Votelaw, Edward Still's blog on law and politics: April 2009 Archives

« March 2009 | Main | May 2009 »

April 29, 2009

Alabama: GOP block non-partisan election of judges in Marshall County

Republicans block nonpartisan judicial elections - NewsFlash -
AP reports: "Republicans block nonpartisan judicial elections." In Alabama we have a strange creature called a "local constitutional amendment" by which the voters of one city or county can amend the state Constitution. That is what Rep. Jeff McLaughlin of Guntersville (in Marshall County) was proposing: a local constitutional amendment for Marshall County to allow its judges to run in nonpartisan elections.

The amendment failed by a vote of 50-0. It needed 63 votes (60% of the House's total membership) to pass. The Republicans abstained to kill it.

April 25, 2009

Alabama: Sparks accuses Davis of violating state campaign law by using congressional fundraising for gubernatorial campaign

The TimesDaily reports: Agriculture Commissioner Ron Sparks said Friday that U.S. Rep. Artur Davis, of Birmingham, broke campaign finance laws for using money from congressional fundraisers for his gubernatorial bid before June 1.

June 1 is the first day candidates can legally begin raising campaign money.

Davis and Sparks have both said they running for governor in 2010.

"He has broken the law; he violated the law," Sparks said in an interview. "How can you run around having congressional fundraisers, not filing with the secretary of state and handing the money over to your campaign, and he's the guy coming out talking about ethics?"

Davis campaign spokeswoman Anna Ruth Williams said Davis stopped congressional fundraising and filed his campaign papers with the secretary of state last week as soon as he realized his campaign had passed the $25,000 spending threshold that mandates filing. -- Sparks says Davis broke finance rules | | The Times Daily | Florence, AL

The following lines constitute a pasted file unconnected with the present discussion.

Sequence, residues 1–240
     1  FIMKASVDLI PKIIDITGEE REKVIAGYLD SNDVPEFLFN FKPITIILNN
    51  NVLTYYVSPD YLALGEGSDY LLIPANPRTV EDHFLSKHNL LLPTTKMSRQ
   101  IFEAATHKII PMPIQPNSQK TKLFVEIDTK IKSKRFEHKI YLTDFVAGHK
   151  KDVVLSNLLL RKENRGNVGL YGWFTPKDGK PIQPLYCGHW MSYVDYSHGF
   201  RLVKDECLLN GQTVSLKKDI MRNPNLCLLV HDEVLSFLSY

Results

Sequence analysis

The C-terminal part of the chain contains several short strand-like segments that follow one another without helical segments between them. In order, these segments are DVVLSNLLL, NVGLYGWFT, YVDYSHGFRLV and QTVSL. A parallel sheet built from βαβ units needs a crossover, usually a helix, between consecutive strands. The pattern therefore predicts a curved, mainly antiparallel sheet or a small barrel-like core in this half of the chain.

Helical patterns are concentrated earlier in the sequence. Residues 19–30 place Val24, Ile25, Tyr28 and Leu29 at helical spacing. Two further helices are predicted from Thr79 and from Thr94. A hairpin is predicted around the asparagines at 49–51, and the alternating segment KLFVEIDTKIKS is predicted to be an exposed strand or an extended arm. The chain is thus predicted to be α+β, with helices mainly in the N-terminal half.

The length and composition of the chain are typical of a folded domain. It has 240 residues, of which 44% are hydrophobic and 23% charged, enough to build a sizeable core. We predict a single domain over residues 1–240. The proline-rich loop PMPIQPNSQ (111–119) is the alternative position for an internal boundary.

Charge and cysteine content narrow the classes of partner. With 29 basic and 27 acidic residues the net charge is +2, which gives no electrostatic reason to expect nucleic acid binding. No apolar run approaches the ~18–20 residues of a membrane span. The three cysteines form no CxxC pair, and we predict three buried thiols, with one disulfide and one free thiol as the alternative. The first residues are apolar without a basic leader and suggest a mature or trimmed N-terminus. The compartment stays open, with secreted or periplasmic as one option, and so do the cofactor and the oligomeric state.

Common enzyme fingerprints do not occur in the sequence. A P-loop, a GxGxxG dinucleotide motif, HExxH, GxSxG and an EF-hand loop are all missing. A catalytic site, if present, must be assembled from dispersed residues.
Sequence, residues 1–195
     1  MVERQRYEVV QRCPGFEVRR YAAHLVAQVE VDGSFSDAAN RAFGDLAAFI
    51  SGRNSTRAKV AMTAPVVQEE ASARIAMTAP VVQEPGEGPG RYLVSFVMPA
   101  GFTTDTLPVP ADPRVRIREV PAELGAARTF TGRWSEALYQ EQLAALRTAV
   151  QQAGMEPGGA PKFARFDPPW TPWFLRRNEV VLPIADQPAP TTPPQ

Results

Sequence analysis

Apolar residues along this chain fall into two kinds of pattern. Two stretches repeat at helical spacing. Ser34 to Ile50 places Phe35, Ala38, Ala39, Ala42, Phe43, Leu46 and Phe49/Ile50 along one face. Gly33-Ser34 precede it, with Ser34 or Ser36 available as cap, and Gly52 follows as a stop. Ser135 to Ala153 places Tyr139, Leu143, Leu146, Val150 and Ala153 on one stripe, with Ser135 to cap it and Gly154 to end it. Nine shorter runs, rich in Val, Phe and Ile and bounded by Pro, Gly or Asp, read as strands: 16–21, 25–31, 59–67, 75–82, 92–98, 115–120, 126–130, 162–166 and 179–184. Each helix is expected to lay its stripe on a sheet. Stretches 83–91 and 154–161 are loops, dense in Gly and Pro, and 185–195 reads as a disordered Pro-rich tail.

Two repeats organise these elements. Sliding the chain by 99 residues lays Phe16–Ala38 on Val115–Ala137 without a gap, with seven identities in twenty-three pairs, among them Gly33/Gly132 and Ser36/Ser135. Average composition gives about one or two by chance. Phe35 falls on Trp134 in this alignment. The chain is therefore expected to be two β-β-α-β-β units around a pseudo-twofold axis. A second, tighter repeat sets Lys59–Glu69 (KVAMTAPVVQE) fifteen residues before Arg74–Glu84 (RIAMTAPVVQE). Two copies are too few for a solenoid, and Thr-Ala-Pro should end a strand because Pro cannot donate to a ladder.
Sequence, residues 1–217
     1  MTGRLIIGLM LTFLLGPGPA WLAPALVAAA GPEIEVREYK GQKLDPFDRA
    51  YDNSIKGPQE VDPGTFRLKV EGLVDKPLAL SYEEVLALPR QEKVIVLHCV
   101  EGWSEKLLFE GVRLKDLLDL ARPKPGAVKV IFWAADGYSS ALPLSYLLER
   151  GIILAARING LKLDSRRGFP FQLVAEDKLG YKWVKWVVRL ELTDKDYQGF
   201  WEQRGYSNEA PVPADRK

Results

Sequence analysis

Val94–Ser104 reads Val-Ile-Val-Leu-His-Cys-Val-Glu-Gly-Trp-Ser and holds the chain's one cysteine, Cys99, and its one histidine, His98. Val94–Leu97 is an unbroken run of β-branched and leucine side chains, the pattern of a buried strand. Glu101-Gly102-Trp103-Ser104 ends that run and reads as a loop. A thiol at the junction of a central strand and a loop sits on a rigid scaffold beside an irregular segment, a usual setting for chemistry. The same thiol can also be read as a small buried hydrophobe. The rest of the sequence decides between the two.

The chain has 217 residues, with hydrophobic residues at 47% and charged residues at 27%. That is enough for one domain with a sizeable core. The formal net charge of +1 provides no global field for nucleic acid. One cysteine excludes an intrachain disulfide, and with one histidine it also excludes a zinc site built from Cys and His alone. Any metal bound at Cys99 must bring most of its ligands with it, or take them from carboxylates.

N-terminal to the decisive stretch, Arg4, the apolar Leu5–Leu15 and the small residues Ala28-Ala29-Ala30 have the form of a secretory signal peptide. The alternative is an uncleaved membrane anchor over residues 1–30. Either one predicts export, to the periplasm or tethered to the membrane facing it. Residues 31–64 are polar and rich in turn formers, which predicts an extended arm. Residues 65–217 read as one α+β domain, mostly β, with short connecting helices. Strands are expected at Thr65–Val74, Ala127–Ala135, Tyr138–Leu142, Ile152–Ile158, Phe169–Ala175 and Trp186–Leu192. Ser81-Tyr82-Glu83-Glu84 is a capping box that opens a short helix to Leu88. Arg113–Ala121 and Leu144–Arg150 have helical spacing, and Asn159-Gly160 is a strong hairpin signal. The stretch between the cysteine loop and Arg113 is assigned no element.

April 16, 2009

Florida: keep those lawyers away from the voters

The New York Times reports: Republican lawmakers, who control both houses of the Legislature, have proposed sweeping changes to the state’s election laws, including new procedures on registering voters, and requiring voters to use a provisional ballot if they move shortly before an election.

The rules would also prevent anyone, including those with video or audio equipment, from getting within 100 feet of a line of voters, even if that line is outside a polling place. This would also prevent anyone from offering legal advice to voters in line.

State Senator Alex Diaz de la Portilla, a Republican from Miami and sponsor of the legislation, said the changes were a response to complaints and problems in the 2008 elections. ...

Elizabeth Westfall, a senior lawyer with the Advancement Project, a voting rights group, predicted that the measure would shut down voter-registration drives in Florida by outside groups like the N.A.A.C.P. The legislation would require voter-registration groups to turn in applications within 48 hours after they are first filled out. --

Washington State: Legislature passes National Popular Vote bill

National Popular reports: The Washington House of Representatives passed the National Popular Vote bill, thereby sending the bill to Governor Chris Gregoire. The Washington House is the 26th state legislative chamber in the country to pass the National Popular Vote bill. If the Governor signs the bill, Washington (with 11 electoral votes) would become the fifth state to enact the National Popular Vote bill, and give the bill 23% of the 270 electoral votes needed to bring it into effect. -- National Popular Vote -- Electoral college reform by direct election of the President

April 12, 2009

Texas: GOP governors differ on the NAMUDNO case